What Is "The Prisoner's Dilemma?" Here's The Science Behind The Game Theory Problem — VIDEO
If you've ever had to make a really tough decision, it's possible someone has referred to it as the "prisoner's dilemma." If you've ever been curious about where that term comes from, PBS Digital Studios' BrainCraft YouTube channel recently released a video on the science behind the prisoner's dilemma that breaks it down really well. It's basically a huge, fascinating paradox that not only messes with your head in terms of logic and rationality, but makes you question your own morals, too. If you've ever studied anything related to sociology, political science, or psychology, it's likely you've covered it a million times in your classes; however, even if you aren't a theory nerd like myself, the prisoner's dilemma is actually a really interesting concept that can you help you better understand your own decision-making process, as well as the processes of those around you.
Let's face it: We spend a lot of time analyzing one another, from the motives behind what people say, to the choices they make, and heck, to the choices we think they're going to make. I had a professor once compare the prisoner's dilemma to a really high-stakes game of Rock, Paper, Scissors, and he's right: You're making your own choices based on what you think someone else might do, but you don't know until you've acted.
I've broken down the basics of the prisoner's dilemma below, but be sure to scroll down to check out the full video, too — if you're into game theory, it's totally worth it.
The premise of the prisoner's dilemma is as follows: You and someone else have been arrested for committing a crime and imprisoned in solitary confinement, with no way to communicate with each other. Each prisoner is offered a deal: You can either betray the other person by testifying against them, or you can remain silent. Depending on who chooses to do what, one of three outcomes might occur: If you betray the other person, and the other person remains silent, you'll be released, while the other person will serve three years in prison; if both people betray each other, both will also serve in prison, but for a shorter amount of time (two years each); and if both remain silent, both will serve only one year in prison. With both prisoners being interrogated separately, it becomes a gamble: Is the other person going to give you all of the blame? Will they also offer to shoulder some of it? Or should you just save yourself? The question is whether you should help yourself, help the other person, or help both of you.
Suddenly, it's much trickier to make a rational decision when we're trying to predict what someone else is thinking. Researchers assumed we'd be most interested in protecting ourselves (aka, getting no jail time) but the actual results beg to differ; while we want to protect ourselves, we humans have a really hard time turning our backs on one another, and are more likely to share the blame equally. Fascinating, right?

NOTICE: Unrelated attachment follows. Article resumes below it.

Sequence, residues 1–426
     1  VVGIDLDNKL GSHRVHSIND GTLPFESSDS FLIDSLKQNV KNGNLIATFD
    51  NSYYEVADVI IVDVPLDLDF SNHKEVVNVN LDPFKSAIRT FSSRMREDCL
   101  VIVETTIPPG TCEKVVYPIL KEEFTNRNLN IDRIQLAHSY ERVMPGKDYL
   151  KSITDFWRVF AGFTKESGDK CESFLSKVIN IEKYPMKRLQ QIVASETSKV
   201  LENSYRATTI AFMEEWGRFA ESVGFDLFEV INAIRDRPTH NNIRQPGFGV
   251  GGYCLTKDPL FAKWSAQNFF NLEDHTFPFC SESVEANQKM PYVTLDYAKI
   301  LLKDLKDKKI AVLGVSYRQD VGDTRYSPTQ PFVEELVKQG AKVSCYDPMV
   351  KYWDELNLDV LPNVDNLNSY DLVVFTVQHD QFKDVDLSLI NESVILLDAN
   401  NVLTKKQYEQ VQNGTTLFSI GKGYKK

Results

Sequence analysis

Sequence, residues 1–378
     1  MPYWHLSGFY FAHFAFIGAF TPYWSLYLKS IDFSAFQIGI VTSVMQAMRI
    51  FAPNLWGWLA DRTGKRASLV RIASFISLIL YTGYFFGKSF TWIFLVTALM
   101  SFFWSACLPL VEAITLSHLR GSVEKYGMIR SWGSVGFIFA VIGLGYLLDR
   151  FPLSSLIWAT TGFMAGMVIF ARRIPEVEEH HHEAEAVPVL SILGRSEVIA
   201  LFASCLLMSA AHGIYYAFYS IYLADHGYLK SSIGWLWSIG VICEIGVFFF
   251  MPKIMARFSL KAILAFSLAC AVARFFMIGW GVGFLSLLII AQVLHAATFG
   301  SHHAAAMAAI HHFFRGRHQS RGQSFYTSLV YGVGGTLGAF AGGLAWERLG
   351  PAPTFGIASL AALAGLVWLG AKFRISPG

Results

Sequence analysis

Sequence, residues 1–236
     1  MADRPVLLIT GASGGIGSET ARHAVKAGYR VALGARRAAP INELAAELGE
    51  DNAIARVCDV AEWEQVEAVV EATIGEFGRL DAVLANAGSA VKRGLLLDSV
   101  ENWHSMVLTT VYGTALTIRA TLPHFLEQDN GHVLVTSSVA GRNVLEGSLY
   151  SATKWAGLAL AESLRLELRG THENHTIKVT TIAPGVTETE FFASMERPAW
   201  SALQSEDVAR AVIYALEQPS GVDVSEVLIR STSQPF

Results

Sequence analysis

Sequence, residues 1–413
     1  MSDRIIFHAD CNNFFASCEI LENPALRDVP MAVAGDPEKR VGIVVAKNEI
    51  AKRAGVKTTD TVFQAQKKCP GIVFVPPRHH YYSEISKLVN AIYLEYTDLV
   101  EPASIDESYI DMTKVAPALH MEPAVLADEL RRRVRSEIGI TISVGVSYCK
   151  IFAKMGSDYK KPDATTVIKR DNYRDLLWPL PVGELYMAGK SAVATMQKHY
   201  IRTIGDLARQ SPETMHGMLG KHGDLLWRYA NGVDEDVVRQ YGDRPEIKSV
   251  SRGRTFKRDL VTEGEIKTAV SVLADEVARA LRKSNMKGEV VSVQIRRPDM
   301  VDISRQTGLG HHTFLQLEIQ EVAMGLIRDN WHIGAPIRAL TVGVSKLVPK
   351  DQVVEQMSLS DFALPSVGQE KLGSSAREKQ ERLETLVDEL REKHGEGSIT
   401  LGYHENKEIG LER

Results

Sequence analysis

The Original Experiment
The prisoner's dilemma experiment first became popular as the result of research done by Merrill Flood and Melvin Dresher in the 1950s. Instead of running this experiment on actual prisoners, they used college students. Essentially, it went down like this: College students were told they were both accused of a crime of which they were innocent. If you confessed, you got three years of jail time, and the other person got zero. If you share the blame and both confess to having a part in the crime, you each get one year of jail time. If the other person takes the blame entirely, you get no jail time, and they serve three years. The "rational" choice is to remember that you are innocent, so in the effort of self-preservation, you want to do whatever possible to get zero years of jail time.
The most common result is that both people agree to share the blame and serve one year in prison. That's right: The majority of people would rather spend a year in prison for a crime they did not commit, than know they were essentially sentencing someone else to three years of prison for a crime they also did not commit. To the original researchers, this is decidedly irrational: It's human nature to want to protect ourselves. Why shoulder any part of the blame to help someone else, when you could help yourself entirely?
Like so much to do with human behavior, this one comes down to the brain. In an updated version of the experiment, participants made decisions while connected to a FMRI machine to monitor brain movement. When people cooperated with one another during the study, scientists saw activation in the areas in the brain linked to reward processing. Researchers theorize that this "reward" process is what ultimately stops people from acting with "self-preservation" in mind (aka saving themselves only) and what makes us more likely to cooperate with one another. So, our brains basically reward us for caring about one another. Pretty cool, right?
You can check out the full video here, thanks to BrainCraft.
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